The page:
Beyond the national and international levels, the implementation of these themes at municipal and local authority level, for example, remains a major challenge in order to ensure social and environmental equity throughout the territory. Local plans do exist in Senegal, but they are sometimes conceived without the involvement of the authorities concerned, who often lack the financial and human resources to ensure that they are implemented in line with these ambitions. The civil society, for example, has set up activities to promote awareness of the challenges of development and the fight against climate change (see ENDA and Gaïa), but these are still too small to be a real driving force for change. 

These efforts also raise questions of governance and the ability to monitor the implementation of these national and global objectives. With an average level of SDG achievement estimated at around 37% for 2023, there is still considerable room for progress. The many international donors in Senegal have their own coordination bodies (with thematic groups, but also the G50, which represents the enlarged group of international technical and financial partners, the G15 restricted to the 15 largest international donors to coordinate their interventions, and the G5 or executive committee currently chaired by Germany, which facilitates strategic dialogue with the Prime Minister and the Presidency). But they continue to maintain parallel privileged links with the authorities (which can sometimes weigh on the latter's ability to respond to multiple requests) or to operate on the margins of existing strategy tools, thus posing planning problems. The Senegalese authorities themselves face coordination challenges, in the absence of a single institution in charge of steering and monitoring, and a lack of clarity as to the clear division of roles: the Minister of Planning is in charge of the NDP, coordinated by the General Directorate of Planning and Economic Policies, but this process necessarily involves other sectoral ministries, and decision-making power remains, in the pre-electoral period, mainly articulated around the presidential team. The concept of a "country platform", which has been put forward as part of the discussions on reforms, could provide some answers, by perpetuating the process launched as part of the NDP, to foster in the longer term collaboration and synergies between the international and local players involved.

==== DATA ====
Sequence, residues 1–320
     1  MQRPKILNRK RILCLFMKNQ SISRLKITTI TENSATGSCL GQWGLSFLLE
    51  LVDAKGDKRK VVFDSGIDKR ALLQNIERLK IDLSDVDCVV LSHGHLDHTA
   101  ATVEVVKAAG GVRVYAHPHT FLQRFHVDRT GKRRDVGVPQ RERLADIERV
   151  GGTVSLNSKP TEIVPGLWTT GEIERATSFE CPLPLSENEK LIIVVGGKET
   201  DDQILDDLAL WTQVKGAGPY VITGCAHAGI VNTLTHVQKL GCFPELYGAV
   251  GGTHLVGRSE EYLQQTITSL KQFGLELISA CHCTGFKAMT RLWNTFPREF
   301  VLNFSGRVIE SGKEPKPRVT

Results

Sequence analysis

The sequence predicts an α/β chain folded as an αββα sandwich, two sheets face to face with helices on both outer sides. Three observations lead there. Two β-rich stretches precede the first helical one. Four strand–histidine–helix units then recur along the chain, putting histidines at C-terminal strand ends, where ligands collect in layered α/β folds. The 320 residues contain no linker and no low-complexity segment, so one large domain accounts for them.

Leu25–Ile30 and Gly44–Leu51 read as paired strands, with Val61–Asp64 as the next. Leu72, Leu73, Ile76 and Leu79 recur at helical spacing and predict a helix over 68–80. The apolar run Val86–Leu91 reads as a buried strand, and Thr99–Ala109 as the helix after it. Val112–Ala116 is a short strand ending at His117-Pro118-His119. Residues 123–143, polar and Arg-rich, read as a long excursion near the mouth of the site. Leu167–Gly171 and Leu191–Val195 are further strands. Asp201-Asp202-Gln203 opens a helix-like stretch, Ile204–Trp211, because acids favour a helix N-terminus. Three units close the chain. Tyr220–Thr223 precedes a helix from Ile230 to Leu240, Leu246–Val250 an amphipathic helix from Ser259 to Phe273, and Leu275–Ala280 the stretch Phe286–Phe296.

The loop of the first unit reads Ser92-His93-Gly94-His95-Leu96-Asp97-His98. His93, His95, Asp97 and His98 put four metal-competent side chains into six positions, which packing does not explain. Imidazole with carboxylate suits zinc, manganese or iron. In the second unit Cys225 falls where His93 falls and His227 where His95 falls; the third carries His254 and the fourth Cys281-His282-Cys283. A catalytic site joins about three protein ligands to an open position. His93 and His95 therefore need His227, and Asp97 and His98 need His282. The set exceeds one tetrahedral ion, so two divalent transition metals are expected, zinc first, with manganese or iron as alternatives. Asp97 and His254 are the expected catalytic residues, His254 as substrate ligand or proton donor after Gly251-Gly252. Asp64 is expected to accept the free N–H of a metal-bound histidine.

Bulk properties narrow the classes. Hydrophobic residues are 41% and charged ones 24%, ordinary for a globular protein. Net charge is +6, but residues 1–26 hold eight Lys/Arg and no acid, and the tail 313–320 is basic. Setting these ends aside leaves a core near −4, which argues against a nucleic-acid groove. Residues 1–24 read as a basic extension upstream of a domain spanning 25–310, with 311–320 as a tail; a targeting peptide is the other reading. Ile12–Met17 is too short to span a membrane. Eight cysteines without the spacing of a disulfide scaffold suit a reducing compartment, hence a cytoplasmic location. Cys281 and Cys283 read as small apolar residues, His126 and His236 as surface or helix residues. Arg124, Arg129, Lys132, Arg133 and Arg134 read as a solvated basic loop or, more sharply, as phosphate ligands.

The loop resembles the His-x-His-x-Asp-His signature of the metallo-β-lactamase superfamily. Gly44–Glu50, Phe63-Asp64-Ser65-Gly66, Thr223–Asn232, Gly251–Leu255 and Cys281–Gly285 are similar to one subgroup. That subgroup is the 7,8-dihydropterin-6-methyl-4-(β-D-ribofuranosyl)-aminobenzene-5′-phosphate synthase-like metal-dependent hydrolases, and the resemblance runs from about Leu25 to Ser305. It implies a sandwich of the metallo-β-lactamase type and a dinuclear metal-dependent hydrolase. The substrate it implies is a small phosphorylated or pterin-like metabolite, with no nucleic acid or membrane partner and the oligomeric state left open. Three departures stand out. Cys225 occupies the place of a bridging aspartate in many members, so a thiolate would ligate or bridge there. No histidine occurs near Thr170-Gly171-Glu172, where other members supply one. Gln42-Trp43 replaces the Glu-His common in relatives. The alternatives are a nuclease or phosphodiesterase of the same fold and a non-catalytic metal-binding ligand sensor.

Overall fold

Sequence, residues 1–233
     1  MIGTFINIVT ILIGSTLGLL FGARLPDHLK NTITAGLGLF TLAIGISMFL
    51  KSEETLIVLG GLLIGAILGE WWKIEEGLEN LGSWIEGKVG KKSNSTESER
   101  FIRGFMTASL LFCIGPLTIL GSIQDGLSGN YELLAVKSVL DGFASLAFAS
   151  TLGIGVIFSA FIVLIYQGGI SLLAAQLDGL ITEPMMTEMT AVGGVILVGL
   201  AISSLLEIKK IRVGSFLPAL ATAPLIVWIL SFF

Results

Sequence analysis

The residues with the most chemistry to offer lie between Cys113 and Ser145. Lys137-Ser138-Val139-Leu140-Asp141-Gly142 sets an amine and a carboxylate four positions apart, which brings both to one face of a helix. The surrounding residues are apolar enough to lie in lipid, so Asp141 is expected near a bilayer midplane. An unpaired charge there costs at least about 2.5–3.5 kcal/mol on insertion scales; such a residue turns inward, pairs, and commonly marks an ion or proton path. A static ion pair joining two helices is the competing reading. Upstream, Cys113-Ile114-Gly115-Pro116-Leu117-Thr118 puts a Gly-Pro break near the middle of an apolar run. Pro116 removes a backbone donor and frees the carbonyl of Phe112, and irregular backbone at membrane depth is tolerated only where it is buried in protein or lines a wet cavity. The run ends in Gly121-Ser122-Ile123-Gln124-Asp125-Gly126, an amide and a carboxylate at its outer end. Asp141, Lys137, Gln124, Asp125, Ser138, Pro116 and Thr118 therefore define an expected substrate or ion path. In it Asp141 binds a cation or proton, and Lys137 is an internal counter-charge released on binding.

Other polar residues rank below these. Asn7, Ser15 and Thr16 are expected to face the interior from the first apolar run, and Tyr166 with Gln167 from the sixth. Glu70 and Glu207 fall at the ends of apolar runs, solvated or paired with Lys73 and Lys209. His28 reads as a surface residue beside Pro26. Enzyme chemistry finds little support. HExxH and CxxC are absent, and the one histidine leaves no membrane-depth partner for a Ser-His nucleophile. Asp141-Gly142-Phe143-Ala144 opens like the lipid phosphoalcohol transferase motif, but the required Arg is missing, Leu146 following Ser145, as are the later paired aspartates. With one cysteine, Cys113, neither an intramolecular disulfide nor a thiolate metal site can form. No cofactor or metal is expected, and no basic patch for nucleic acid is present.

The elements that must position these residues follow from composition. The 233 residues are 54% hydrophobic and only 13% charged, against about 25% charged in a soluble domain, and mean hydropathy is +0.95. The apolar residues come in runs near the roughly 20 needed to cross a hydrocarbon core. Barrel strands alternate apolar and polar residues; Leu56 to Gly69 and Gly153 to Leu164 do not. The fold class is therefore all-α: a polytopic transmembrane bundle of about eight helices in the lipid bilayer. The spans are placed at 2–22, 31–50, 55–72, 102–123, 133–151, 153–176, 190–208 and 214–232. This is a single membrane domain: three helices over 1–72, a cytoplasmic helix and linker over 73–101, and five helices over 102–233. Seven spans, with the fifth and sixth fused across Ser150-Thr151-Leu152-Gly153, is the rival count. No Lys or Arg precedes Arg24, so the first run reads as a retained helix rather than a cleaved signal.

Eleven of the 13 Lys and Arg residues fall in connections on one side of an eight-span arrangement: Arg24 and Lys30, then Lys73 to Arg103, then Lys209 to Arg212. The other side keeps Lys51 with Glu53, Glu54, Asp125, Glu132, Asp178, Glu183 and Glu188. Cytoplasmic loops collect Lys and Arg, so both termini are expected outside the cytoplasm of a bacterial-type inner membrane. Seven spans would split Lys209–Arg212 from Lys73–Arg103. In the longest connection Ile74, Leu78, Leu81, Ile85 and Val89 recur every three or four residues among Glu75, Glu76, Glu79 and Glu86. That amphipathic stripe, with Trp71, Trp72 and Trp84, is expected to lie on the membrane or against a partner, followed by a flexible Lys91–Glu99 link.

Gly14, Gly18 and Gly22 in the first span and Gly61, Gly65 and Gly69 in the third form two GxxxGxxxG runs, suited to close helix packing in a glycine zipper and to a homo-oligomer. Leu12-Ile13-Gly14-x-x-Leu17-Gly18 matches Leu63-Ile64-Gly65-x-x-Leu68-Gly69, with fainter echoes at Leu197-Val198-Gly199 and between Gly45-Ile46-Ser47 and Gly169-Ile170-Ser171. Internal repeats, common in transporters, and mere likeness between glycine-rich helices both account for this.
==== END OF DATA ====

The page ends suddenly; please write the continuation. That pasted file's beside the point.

The case of Senegal illustrates one of the ultimate objectives of the reform of the international financial architecture, namely transformations at country level, responding to their needs. International discussions cannot therefore do without clear and reinforced support for existing national dynamics, to better identify multiple needs, collectively reflect on a coherent approach to finding national solutions, and feed into international discussions on the adaptations required to meet them.